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One more thing. And don't respond to this; it's not up for discussion.
In character and intelligence, Rhys Jones is so far above you, you can't see the soles of his feet. But you'll never understand that kind of superiority because you think it's all about money and big houses with swimming pools. But I'll bet Rhys sleeps pretty well at night and never, ever stays up until midnight reading and re-reading someone's post until he works himself into a tizzy, because frankly, my dear, he doesn't give a damn.
Mark, you are adorable. Your last three posts soooo prove what the article said.
I have a very busy day ahead of me. So until I have time to address your obsession, your homework is to point me to the article wherein I called you a liar. S'later.
True dat. :-) You got it all over that guy, buddy.
Emotionally secure people "own their mistakes. Insecurity tends to breed artificiality; confidence breeds sincerity and honesty. That's why truly confident people admit their mistakes. They dine out on their screwups. They don't mind serving as a cautionary tale. They don't mind being a source of laughter--for others and for themselves. When you're truly confident, you don't mind occasionally "looking bad." You realize that that when you're genuine and unpretentious, people don't laugh at you. They laugh with you."
Hmmmmm, veddy interesting.
"Defensive behaviors can be the result of a:
Challenge to private or public perceptions of ourselves.
Desire to be perfect in the public's eye.
Lack of self-confidence.
Fear of being found to be less than what was previously thought.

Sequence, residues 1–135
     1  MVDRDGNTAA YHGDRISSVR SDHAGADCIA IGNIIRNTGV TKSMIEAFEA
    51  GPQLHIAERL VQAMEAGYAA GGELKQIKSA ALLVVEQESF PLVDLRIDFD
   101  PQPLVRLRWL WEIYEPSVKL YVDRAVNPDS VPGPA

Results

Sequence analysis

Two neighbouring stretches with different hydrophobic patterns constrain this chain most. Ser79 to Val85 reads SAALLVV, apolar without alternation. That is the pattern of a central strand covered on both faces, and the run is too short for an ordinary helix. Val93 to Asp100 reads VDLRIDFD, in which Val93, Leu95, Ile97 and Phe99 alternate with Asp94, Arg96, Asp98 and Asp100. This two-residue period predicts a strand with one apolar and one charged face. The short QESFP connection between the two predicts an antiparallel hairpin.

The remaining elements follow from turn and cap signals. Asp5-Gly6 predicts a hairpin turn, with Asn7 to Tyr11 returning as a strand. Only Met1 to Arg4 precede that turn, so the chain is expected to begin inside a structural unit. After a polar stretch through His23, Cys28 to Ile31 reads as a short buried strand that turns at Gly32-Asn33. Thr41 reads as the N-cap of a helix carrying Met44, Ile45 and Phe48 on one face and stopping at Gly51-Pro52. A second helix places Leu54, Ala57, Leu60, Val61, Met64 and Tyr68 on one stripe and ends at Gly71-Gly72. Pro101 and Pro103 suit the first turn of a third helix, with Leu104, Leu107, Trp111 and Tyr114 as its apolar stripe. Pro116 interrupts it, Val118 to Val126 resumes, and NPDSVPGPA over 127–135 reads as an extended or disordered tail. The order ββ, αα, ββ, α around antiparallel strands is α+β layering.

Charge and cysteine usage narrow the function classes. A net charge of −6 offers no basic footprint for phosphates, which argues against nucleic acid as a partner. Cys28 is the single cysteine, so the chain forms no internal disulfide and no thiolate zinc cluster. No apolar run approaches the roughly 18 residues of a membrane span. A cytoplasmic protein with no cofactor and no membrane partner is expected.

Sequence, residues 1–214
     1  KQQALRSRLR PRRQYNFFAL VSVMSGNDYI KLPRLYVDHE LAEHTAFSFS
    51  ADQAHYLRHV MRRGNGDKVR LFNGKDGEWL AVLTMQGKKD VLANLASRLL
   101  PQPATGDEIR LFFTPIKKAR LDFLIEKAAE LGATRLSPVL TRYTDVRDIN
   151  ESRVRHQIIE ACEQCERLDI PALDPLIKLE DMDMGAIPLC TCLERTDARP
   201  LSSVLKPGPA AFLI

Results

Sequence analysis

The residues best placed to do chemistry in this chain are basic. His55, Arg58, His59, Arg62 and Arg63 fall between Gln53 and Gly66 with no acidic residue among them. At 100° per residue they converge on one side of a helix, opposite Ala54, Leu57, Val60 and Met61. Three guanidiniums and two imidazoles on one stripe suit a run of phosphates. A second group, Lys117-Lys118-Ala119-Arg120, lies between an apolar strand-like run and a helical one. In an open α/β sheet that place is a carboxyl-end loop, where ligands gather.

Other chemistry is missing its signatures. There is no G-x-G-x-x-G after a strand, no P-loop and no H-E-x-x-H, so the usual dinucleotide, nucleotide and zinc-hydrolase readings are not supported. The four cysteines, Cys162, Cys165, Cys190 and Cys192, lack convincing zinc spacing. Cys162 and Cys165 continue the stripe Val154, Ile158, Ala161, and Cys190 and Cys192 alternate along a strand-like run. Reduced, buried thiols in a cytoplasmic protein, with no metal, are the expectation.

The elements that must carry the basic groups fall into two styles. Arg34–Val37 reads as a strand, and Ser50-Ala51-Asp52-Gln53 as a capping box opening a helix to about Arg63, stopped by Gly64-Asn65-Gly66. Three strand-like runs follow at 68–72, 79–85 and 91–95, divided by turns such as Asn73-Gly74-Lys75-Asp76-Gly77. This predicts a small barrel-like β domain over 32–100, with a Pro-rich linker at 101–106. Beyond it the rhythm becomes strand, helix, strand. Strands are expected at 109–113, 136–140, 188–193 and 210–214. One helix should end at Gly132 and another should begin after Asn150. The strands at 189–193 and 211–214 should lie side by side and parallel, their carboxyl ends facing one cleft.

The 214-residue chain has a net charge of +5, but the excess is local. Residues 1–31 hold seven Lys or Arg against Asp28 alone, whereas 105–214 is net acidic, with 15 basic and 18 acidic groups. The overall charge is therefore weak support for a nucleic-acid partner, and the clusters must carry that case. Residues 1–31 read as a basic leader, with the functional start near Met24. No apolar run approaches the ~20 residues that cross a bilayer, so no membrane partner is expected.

Fear of a loss of status.
Fear of rejection.
Defensiveness is often a reflection of insecurity in individuals. It tends to distort questions into accusations and responses into justifications.  There is a little wonder that effective communication often ends when the speaker or listener becomes defensive. In response to defensiveness, "attack or avoidance" replaces "fight or flight," in a self-perpetuating cycle of events, leading to more threats and accusations, and more defensive behaviors and counterattacks."
Potatoes had hard time being accepted in the New World. Turns out, they were considered poisonous at different times in history. They seem to have started out in Peru and Chile; didn't make it to Ireland until the late 1500s. And check this out:
"A diet that consists predominantly of rice leads to the use of opium, just as a diet that consists predominantly of potatoes leads to the use of liquor."
Friedrich Nietzsche (1844-1900), German philosopher
The original gateway drug!! More spud facts: http://whatscookingamerica.net/History/PotatoHistory.htm
Remember the "suspicious object" in someone's yard that was reported a few years back that turned out to be a potato? They're baaaaaaack ....
Oh, wait. Do you s'pose they meant a tuber, as in someone who was tubing? Nah, I like the flying potato scenario better.
“America is a melting pot, the people at the bottom get burned while all the scum floats to the top.”
― Charlie King, author
I have a little dog, too. Big dogs always want to sniff her and it freaks her out. Big dog owners inevitably say, "It's okay; he's friendly!" My response? "Well, SHE isn't!" They're usually pretty quick to pull their dog back and move on. :-)
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